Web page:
A Map of Verona
Quelle belle heure, quels bons bras
me rendront ces régions d'où mes
sommeils et mes moindres mouvements?
A map of Verona is open, the small strange city;
With its river running round and through, it is river-embraced,
And over this city for a whole long winter season,
Through streets on a map, my thoughts have hovered and paced.
Across the river there is a wandering suburb,
An unsolved smile on a now familiar mouth;
Some enchantments of earlier towns are about you:
Once I was drawn to Naples in the south.
Naples I know now, street and hovel and garden,
The look of the islands from the avenue,
Capri and Ischia, like approaching drum-beats—
My youthful Naples, how I remember you!
You were an early chapter, a practice in sorrow,
Your shadows fell, but were only a token of pain,
A sketch in tenderness, lust, and sudden parting,
And I shall not need to trouble with you again.
But I remember, once your map lay open,
As now Verona's under the still lamp-light.
I thought, are these the streets to walk in the mornings,
Are these the gardens to linger in at night?
And all was useless that I thought I learned:
Maps are of place, not time, nor can they say
The surprising height and colour of a building,
Nor where the groups of people bar the way.
It is strange to remember those thoughts and try to catch
The underground whispers of music beneath the years,
The forgotten conjectures, the clouded, forgotten vision,
Which only in vanishing phrases reappears.
Again, it is strange to lead a conversation
Round to a name, to a cautious questioning
Of travellers, who talk of Juliet's tomb and fountains
And a shining smile of snowfall, late in Spring.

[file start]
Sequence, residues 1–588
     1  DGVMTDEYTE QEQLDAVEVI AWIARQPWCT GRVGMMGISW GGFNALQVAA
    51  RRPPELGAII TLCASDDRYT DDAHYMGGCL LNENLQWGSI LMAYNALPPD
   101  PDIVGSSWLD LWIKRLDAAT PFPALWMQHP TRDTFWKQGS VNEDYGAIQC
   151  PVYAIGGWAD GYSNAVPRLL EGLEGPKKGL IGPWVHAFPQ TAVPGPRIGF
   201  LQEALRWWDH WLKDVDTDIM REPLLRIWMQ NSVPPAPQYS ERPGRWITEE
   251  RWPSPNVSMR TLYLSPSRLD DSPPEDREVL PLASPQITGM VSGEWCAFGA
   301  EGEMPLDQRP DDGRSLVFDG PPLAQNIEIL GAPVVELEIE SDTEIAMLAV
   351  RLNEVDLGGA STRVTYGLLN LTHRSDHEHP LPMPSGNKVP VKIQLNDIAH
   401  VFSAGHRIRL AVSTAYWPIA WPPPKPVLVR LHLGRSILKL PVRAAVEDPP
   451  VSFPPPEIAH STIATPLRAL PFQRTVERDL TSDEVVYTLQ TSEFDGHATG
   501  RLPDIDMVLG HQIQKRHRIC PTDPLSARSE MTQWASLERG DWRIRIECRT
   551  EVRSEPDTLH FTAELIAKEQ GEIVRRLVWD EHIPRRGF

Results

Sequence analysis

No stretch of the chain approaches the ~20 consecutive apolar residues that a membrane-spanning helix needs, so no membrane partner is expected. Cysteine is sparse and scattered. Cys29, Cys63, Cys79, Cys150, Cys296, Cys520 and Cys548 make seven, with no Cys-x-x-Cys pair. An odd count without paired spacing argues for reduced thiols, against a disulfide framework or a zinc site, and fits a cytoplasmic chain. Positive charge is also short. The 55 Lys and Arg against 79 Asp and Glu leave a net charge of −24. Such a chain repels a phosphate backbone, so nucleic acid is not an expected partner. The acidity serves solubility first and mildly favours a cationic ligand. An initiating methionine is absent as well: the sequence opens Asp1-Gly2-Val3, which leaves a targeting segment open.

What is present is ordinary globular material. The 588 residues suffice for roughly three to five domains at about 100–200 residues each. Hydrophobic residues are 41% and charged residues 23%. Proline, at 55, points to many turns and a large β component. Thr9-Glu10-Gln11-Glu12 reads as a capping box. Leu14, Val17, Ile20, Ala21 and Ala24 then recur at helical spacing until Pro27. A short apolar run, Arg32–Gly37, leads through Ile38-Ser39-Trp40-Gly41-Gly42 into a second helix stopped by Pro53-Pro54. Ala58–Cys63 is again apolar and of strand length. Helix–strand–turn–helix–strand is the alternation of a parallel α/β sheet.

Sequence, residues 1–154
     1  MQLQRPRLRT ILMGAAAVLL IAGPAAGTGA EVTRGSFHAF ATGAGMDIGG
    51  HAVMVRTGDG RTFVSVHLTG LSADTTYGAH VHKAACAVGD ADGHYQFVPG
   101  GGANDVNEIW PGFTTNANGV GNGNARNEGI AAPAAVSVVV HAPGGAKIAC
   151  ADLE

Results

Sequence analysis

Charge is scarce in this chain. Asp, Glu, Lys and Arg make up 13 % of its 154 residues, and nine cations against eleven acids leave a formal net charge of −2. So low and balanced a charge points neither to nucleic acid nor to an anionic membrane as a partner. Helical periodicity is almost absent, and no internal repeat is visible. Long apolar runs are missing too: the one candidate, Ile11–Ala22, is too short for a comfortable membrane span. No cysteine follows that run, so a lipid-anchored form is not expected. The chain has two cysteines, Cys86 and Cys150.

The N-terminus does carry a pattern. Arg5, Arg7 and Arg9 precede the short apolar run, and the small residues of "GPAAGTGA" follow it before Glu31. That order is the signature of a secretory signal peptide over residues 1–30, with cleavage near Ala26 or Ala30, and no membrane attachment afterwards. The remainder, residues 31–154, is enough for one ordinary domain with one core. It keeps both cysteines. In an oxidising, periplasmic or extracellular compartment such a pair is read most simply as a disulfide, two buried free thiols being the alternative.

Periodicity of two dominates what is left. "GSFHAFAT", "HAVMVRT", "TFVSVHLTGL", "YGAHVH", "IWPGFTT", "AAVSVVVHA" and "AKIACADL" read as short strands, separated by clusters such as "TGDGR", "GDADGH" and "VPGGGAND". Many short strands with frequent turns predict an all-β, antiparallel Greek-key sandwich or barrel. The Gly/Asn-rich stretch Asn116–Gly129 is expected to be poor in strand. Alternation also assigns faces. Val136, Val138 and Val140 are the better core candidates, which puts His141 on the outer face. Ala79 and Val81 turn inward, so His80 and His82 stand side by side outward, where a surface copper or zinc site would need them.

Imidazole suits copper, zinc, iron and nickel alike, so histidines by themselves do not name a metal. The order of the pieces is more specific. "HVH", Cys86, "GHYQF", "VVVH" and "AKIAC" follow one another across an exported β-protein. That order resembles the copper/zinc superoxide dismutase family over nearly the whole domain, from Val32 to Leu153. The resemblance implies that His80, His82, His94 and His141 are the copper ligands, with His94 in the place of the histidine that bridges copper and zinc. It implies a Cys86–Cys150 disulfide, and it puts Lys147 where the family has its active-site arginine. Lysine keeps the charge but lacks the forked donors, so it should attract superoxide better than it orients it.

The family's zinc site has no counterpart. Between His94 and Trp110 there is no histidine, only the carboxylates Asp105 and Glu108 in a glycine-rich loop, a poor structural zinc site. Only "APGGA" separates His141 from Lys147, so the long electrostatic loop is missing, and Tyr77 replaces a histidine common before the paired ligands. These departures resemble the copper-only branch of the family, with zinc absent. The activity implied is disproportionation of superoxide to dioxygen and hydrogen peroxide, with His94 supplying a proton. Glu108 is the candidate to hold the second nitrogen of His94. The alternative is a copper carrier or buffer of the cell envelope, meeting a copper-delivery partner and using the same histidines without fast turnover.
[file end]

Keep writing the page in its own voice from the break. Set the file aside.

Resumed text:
Their memories calm this winter of expectation,
Their talk restrains me, for I cannot flow
Like your impetuous river to embrace you;
Yet you are there, and one day I shall go.
The train will bring me perhaps in utter darkness
And drop me where you are blooming, unaware
That a stranger has entered your gates, and a new devotion
Is about to attend and haunt you everywhere.
The flutes are warm: in tomorrow's cave the music
Trembles and forms inside the musician's mind,
The lights begin, and the shifting crowds in the causeways
Are discerned through the dusk, and the rolling river behind.
And in what hour of beauty, in what good arms,
Shall I those regions and that city attain
From whence my dreams and slightest movements rise?
And what good Arms shall take them away again?
Henry Reed's Other Poems
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Comments about this poem (A Map of Verona by Henry Reed )
Still I Rise
The Road Not Taken
If You Forget Me
Edgar Allan Poe
I Know Why The Caged Bird Sings
Stopping by Woods on a Snowy Evening
A Dream Within A Dream
Edgar Allan Poe
(March 26, 1874 – January 29, 1963)
(12 July 1904 – 23 September 1973)
(4 April 1928 - 28 May 2014)
(1 February 1902 – 22 May 1967)
(28 November 1757 – 12 August 1827)
(10 December 1830 – 15 May 1886)
Edgar Allan Poe
(19 January 1809 - 7 October 1849)
(16 August 1920 – 9 March 1994)
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- Stopping by Woods on a Snowy Evening, Robert Frost
- If, Rudyard Kipling
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- Daffodils, William Wordsworth
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- I Know Why The Caged Bird Sings, Maya Angelou
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